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WORKMAN LOSES ARM IN ROAD SURFACING PLANT

RAMs did not reflect the reality of risk controls in place

Three construction firms were ordered to pay over £400,000 in fines and prosecution costs after a worker lost his arm when it became trapped in poorly-guarded machinery during a road surfacing operation in Hertfordshire.

The 53-year old road worker was preparing a machine used to scatter stone chips on asphalt (chip spreader) for resurfacing works when his arm became caught in the rotating auger of the machine. The experienced workman had to have his arm amputated shortly after the incident and has been unable to return to work since.

Watford Magistrates’ Court heard (25 March 2015) that in order to prepare the chip spreader for use he started the machine and rotation of the auger. He repositioned the chip distribution hopper from kerbside to roadside to allow chips to be loaded. This operation involved moving the mesh safety guard from one side of the machine to the other.

He reached to move the guard and tripped falling forward towards the rotating auger thereby entangling his arm in the moving parts.

Series of safety failings on the part of all three companies

HSE investigators found no formal training in safe use of the spreader. Colleagues of the injured man were given one evening to familiarise themselves when they started work on site six months before the incident. Instruction or training in how to operate the machine safely was not given including how to secure guards and a copy of the machine operator manual was not provided

In addition, a safe system of work was not in place to ensure that the machine was set up and operated properly and use restricted to those who were trained.

A risk assessment and a site-specific method statement (RAMs) was in place but it “did not reflect the reality of the controls in place” for the use of the chip spreader. The risk assessment described a different type of chip spreader than the one used.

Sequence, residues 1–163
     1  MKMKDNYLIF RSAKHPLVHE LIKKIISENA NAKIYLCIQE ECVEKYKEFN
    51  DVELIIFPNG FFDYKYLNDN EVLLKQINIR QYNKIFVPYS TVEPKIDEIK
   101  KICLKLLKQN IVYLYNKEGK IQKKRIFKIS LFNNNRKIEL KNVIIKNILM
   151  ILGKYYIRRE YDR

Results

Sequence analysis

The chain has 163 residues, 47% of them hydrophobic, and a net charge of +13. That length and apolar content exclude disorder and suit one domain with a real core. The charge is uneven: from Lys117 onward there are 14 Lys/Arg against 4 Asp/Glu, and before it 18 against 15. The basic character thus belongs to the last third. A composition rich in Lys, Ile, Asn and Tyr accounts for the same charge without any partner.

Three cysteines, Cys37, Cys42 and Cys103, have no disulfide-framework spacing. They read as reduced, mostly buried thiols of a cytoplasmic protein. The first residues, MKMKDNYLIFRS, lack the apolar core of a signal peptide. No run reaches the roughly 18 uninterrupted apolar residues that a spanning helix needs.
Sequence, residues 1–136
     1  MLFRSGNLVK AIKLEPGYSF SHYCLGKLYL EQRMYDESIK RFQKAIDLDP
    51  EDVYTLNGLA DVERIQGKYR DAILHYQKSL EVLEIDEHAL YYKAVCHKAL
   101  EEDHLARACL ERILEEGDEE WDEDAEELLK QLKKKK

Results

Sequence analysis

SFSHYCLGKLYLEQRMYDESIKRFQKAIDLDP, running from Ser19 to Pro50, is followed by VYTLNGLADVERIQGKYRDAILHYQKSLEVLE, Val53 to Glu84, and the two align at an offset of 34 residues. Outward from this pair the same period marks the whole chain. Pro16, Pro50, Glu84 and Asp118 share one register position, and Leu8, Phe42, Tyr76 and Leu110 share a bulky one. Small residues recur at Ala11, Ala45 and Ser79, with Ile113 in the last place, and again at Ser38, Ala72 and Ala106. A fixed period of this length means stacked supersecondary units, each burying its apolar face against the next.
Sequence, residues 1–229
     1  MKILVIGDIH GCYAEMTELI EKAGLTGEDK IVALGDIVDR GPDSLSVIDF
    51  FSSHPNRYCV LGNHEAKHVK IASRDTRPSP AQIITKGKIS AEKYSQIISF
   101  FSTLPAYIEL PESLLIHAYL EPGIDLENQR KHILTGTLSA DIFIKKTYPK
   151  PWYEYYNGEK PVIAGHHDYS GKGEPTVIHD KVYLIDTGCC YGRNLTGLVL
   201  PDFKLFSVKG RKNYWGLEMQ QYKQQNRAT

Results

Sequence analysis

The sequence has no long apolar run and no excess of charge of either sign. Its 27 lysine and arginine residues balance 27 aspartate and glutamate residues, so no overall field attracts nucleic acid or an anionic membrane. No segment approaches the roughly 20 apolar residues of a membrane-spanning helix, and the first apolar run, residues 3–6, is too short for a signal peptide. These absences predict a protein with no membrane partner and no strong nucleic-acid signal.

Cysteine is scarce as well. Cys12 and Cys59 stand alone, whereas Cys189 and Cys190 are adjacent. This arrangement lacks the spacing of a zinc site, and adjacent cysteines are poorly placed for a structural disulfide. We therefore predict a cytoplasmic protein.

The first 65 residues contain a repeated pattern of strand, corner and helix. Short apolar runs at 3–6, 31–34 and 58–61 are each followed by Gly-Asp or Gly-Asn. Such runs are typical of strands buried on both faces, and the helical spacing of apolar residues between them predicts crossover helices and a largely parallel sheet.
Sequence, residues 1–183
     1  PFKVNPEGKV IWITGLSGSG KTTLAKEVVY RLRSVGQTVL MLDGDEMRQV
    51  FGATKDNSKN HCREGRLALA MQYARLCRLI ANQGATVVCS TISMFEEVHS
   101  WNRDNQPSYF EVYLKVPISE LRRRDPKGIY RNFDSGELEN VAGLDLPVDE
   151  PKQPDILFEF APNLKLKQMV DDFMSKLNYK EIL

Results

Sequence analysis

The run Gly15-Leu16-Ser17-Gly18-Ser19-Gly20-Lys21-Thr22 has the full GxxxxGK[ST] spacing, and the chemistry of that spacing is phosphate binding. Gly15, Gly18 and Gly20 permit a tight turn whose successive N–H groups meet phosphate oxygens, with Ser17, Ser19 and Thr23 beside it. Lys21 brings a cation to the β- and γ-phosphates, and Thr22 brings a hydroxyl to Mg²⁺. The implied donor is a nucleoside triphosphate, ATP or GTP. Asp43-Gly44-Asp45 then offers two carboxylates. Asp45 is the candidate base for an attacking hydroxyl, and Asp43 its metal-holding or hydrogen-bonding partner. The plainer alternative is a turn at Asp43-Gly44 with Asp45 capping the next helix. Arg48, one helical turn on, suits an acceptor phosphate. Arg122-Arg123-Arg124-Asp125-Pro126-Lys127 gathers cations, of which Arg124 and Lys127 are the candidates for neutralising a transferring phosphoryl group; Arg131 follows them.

• Amey LG Ltd – of the Sherard Building, Edmund Halley Road, Oxford, was fined £150,015 and ordered to pay costs of £18,000 after pleading guilty to one breach of Section 3(1) of the Health and Safety at Work etc. Act 1974.
  • Lafarge Aggregates Ltd – of Portland House, Bickenhill Lane, Solihull, Birmingham, was fined £175,015 and ordered to pay costs of £18,000 after pleading guilty to one breach of Section 3(1) of the Health and Safety at Work etc. Act 1974.
  • Ashmac Construction Ltd – of Pavillion Court, Pavilion Drive, Northampton, was fined £30,015 and ordered to pay costs of £18,000 after pleading guilty to a breach of section 3(1) the Health and Safety at Work etc. Act 1974.

Following the case, HSE Inspector Gavin Bull, said:

“This tragic incident has left a worker with life-changing injuries. It was wholly avoidable. The risks associated with plant operating are well-known in the industry.

This incident highlights the need for workers to receive the information, instruction and training they need to operate plant safely and for companies to put in place measures to ensure the plant is operated safely on site.”

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